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Description : Tragedy as Philosophy in the Reformation World examines how sixteenth- and seventeenth-century poets, theologians, and humanist critics turned to tragedy to understand providence and agencies human and divine in the crucible of the Reformation. Rejecting familiar assumptions about tragedy, vital figures like Philipp Melanchthon, David Pareus, Lodovico Castelvetro, John Rainolds, and Daniel Heinsius developed distinctly philosophical ideas of tragedy, irreducible to drama or performance, inextricable from rhetoric, dialectic, and metaphysics. In its proximity to philosophy, tragedy afforded careful readers crucial insight into causality, probability, necessity, and the terms of human affect and action. With these resources at hand, poets and critics produced a series of daring and influential theses on tragedy between the 1550s and the 1630s, all directly related to pressing Reformation debates concerning providence, predestination, faith, and devotional practice. Under the influence of Aristotle's Poetics, they presented tragedy as an exacting forensic tool, enabling attentive readers to apprehend totality. And while some poets employed tragedy to render sacred history palpable with new energy and urgency, others marshalled a precise philosophical notion of tragedy directly against spectacle and stage-playing, endorsing anti-theatrical theses on tragedy inflected by the antique Poetics. In other words, this work illustrates the degree to which some of the influential poets and critics in the period, emphasized philosophical precision at the expense of—even to the exclusion of—dramatic presentation. In turn, the work also explores the impact of scholarly debates on more familiar works of vernacular tragedy, illustrating how William Shakespeare's Hamlet and John Milton's 1671 poems take shape in conversation with philosophical and philological investigations of tragedy. Tragedy as Philosophy in the Reformation World demonstrates how Reformation took shape in poetic as well as theological and political terms while simultaneously exposing the importance of tragedy to the history of philosophy.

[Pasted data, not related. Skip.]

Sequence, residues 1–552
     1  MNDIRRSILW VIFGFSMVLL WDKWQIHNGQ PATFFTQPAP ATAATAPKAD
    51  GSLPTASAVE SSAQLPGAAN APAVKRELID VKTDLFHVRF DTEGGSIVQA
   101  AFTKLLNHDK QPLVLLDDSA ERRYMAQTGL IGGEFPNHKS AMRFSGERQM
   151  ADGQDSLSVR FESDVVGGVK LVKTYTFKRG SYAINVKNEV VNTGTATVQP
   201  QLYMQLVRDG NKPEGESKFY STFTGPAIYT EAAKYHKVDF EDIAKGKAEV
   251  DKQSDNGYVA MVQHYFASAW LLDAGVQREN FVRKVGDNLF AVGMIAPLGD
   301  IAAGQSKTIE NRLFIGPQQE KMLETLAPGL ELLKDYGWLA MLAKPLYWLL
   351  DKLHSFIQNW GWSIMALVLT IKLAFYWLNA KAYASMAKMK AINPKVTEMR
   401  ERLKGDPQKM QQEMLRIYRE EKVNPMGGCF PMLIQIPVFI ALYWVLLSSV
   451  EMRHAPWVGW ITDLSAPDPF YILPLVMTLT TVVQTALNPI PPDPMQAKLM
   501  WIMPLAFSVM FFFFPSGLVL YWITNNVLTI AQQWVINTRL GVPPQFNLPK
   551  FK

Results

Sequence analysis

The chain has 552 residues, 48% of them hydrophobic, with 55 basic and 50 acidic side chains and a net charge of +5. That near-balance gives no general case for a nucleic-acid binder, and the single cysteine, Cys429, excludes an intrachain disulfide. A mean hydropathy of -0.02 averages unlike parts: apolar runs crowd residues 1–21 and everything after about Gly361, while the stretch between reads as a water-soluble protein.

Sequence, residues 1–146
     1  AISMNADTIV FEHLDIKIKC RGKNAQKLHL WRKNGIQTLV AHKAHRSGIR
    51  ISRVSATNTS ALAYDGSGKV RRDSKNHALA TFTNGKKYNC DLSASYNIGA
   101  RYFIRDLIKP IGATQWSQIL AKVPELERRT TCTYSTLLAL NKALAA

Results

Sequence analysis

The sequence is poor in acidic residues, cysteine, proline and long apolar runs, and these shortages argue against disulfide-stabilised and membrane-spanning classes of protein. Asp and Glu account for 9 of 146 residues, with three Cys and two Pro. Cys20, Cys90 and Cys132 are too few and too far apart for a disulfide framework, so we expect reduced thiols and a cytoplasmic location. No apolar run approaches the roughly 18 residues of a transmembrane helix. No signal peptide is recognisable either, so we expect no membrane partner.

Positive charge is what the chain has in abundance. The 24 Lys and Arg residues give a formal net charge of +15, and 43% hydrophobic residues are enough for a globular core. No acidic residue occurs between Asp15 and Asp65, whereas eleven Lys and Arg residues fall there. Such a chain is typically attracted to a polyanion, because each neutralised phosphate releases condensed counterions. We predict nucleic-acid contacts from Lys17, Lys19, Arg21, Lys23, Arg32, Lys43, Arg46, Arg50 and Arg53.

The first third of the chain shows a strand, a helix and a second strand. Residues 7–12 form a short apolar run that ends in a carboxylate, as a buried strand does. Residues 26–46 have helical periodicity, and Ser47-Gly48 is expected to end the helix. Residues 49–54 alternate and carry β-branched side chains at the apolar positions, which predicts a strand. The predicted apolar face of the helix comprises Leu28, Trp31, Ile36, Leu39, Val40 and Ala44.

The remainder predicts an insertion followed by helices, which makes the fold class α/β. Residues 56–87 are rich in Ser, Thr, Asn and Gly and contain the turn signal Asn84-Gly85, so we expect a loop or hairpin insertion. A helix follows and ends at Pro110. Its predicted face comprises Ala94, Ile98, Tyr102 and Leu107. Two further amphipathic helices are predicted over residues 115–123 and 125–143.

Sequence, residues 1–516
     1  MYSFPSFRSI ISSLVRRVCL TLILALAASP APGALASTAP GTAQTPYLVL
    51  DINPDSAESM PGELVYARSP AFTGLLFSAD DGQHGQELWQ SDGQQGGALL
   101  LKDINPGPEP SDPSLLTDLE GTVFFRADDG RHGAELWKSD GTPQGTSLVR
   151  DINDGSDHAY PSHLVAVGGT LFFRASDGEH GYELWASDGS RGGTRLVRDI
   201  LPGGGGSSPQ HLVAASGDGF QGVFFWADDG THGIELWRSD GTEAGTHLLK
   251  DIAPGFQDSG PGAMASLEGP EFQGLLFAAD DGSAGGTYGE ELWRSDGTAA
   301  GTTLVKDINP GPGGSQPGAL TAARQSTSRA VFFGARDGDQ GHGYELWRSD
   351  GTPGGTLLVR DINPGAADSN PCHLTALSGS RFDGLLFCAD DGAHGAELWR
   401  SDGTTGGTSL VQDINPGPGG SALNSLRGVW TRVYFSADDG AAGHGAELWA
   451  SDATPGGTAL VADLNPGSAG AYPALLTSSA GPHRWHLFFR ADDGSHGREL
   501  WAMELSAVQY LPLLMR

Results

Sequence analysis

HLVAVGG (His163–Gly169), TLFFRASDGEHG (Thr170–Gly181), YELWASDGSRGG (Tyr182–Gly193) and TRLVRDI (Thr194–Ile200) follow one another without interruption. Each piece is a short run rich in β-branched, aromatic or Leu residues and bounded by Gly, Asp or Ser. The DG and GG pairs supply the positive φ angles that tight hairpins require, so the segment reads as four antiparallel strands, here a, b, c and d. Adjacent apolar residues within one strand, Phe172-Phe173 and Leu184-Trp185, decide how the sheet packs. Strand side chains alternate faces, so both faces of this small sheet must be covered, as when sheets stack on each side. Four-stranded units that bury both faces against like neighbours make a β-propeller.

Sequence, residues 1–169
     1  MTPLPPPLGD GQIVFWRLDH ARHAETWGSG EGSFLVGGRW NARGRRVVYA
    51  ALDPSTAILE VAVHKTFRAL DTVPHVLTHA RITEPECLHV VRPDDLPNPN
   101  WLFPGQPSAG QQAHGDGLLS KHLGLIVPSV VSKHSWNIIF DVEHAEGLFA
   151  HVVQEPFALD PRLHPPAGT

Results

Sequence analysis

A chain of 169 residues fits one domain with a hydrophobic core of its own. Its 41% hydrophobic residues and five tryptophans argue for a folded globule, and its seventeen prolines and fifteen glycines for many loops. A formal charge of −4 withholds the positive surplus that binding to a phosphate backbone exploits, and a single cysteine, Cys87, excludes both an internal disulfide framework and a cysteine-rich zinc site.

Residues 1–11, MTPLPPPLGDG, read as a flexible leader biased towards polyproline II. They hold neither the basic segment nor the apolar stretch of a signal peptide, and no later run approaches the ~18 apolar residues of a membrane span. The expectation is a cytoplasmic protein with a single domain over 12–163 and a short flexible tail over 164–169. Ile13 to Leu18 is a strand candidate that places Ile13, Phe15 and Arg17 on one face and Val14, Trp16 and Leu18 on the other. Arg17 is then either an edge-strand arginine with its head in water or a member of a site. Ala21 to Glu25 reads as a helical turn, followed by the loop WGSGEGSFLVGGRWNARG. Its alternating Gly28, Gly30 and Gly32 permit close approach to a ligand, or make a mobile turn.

Voices Past And Present Studies Of Involved Speech Related And Spoken Texts

Author by : Ewa Jonsson
Languange : en
Publisher by : John Benjamins Publishing Company
Format Available : PDF, ePub, Mobi
Total Read : 69